Home / View Point / Martin Daly / Undernourished democracy; moral decay spreads to Flow and Integrity Commission

Undernourished democracy; moral decay spreads to Flow and Integrity Commission

I am not a seer man but I do try to pierce the fete and freeness veil drawn to conceal and dumb down the real and pressing issues facing our little country.

For that reason, like several of my fellow columnists, I am not impressed with the false images which are constantly touted and peddled to us, none more so than the milk and honey version of our economy.

Photo: UNC political leader Kamla Persad-Bissessar celebrates victory at the 2010 General Elections. (Copyright Frederic Dubray/AFP 2015)
Photo: UNC political leader Kamla Persad-Bissessar celebrates victory at the 2010 General Elections.
(Copyright Frederic Dubray/AFP 2015)

The electorate is currently being induced to salivate at the slew of rosy promises falling off the election platforms. However such promises are out of sync with the reality of falling oil and gas prices.

The last national Budget was premised on US$80 a barrel. It was revised downwards to US$45. Now the oil price is US$38.

How will the rosy promises be kept?

Last week’s column critiqued pledging too much credit on the energy sector card. Likewise, other commentators were warning about the unsustainable cost of the manifesto promises of the two main contenders in the imminent General Election.

Almost simultaneously the oil price dropped to US$40 per barrel.

The problem is many have so long worshipped the graven images of fete, freeness and false status that those images prevail over truth and reality.

Photo: A Tribe masquerader enjoys herself on Carnival Tuesday. (Courtesy Allan V Crane/Wired868)
Photo: A Tribe masquerader enjoys herself on Carnival Tuesday.
(Courtesy Allan V Crane/Wired868)

Indifference to poor governance is ingrained to an extent that Terrence Farrell has asserted that our economy has been recklessly endangered.

Indifference has a high price. It inhibits the development of moral authority.

That is why, for example, the Debates Commission failed so humiliatingly, coming as it did from a section of the society generally quiet on matters of governance vital to the country but seeking to jump into the political gayelle and pompously pat itself on the back for a flawed intervention.

Professing to help the nation mature requires much more than a flawed intervention. Continuing attempts to save the egg-laden face of the Debates Commission are futile.

Flow, a cable channel provider whose belly must be already full to bursting, has also insulted our intelligence by seeking to justify charging its subscribers the same money for significantly less product.

Surely the inanities of the Debates Commission and Flow must be hugely embarrassing to the private sector.

Photo: Flow has vowed to maintain its prices, despite drastically reducing its channels on offer.
Photo: Flow has vowed to maintain its prices, despite drastically reducing its channels on offer.

Meanwhile action by the pock-marked Integrity Commission is puzzling us again.

What would motivate the Integrity Commission to re-open the Leader of the Opposition’s 2004 declaration of assets and liabilities, eleven years later, in the face of that Commission’s previous Court defeat in litigation brought by Dr. Rowley?

Was it vexatious to give a 14-day deadline to respond to a request for information in the middle of a bitterly contested General Election?

Graven images are a biblical reference carrying the authority of a commandment, one of ten hallowed prescriptions. Biblical scholars assert that the commandment against worshipping graven images is important because we become what we worship and if we worship idols we become deaf and blind to the true word of God.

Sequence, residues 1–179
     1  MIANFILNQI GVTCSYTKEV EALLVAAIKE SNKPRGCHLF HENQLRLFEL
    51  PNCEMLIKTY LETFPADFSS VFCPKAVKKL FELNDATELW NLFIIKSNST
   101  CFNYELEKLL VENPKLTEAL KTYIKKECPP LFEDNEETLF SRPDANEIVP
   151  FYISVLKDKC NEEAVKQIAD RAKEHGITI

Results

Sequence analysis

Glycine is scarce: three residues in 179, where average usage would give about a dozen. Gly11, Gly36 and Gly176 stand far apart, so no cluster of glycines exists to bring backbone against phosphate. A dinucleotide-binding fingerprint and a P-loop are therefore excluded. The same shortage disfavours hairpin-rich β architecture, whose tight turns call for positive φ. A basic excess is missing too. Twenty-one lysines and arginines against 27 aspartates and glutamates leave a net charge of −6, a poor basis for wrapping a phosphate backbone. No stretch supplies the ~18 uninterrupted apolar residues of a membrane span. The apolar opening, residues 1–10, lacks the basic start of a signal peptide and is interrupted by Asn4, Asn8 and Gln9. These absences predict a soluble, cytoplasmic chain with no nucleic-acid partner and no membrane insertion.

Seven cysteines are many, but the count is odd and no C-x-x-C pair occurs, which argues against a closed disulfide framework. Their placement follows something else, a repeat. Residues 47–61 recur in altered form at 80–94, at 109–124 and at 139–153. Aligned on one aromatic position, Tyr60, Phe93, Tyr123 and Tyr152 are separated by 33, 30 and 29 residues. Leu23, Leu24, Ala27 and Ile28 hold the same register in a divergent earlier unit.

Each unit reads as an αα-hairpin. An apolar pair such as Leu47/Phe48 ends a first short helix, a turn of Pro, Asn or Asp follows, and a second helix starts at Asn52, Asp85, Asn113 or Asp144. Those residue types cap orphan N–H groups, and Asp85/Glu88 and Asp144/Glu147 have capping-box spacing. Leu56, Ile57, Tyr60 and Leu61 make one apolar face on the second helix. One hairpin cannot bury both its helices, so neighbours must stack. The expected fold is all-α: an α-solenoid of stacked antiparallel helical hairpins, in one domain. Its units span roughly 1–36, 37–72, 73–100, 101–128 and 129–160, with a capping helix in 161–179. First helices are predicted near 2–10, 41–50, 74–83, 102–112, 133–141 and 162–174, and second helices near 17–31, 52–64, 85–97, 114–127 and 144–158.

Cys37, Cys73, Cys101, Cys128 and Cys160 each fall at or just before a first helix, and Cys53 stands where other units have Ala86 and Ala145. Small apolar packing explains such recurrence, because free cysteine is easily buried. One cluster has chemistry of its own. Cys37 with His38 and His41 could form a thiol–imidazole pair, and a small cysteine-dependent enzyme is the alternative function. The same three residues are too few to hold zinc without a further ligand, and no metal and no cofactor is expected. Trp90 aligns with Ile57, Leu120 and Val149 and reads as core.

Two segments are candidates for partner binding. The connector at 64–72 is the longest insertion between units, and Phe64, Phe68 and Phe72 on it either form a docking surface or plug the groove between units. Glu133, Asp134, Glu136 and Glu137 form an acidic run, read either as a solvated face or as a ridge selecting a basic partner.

Respectfully put into a secular context, it might be said that if we worship freeness we become freeloaders; coarsely put, we does eat ah food and spit out principle.

I suggest that where we are at the moment is that many more of those who have been indifferent to decades of poor or corrupt governance are becoming victims themselves.

Photo: Sport Minister Brent Sancho (second from right) is flanked by Prime Minister Kamla Persad-Bissessar (right) and former World Cup 2006 star Stern John during the opening of the Irwin Park Sporting Complex in Siparia. (Courtesy Allan V Crane/Wired868)
Photo: Sport Minister Brent Sancho (second from right) is flanked by Prime Minister Kamla Persad-Bissessar (right) and former World Cup 2006 star Stern John during the opening of the Irwin Park Sporting Complex in Siparia. (Courtesy Allan V Crane/Wired868)

The accelerating institutional decay, against which they issued little protest when it began or as it visibly accelerated, will ultimately disrupt their nice living too.

Our visit to the polling booth is a week away. What to do in there? An equally important question is what to do afterward?

Many know that the act of voting once, every five years or so, does not give us sufficient leverage over our Government, whomever we elect. I don’t know when we will ever find belly enough to speak out at least as part of a group—one not stimulated exclusively by narrow self interest—if the individual heart is too faint, but we should bear in mind the corrosive effect of silence and indifference.

A well known US educator and writer defined the threat to democracy as follows: “The death of democracy is not likely to be assassination by ambush. It will be a slow extinction from apathy, indifference and undernourishment”.

While election campaigns are conducted, like the current one, with little serious discussion of major issues and, as long as those with the capacity to speak up or make a contribution to the general good remain silent or are indifferent to institutional decay, our democracy will remain undernourished.

Photo: The Integrity Commission has continued to operate despite the resignations of Dr Shelly Anne Lalchan (front row, right) and Justice Sebastian Ventour (back row, second from right), after questionable public pronouncements. (Courtesy Integrity Commission)
Photo: The Integrity Commission has continued to operate despite the resignations of Dr Shelly Anne Lalchan (front row, right) and Justice Sebastian Ventour (back row, second from right), after questionable public pronouncements.
(Courtesy Integrity Commission)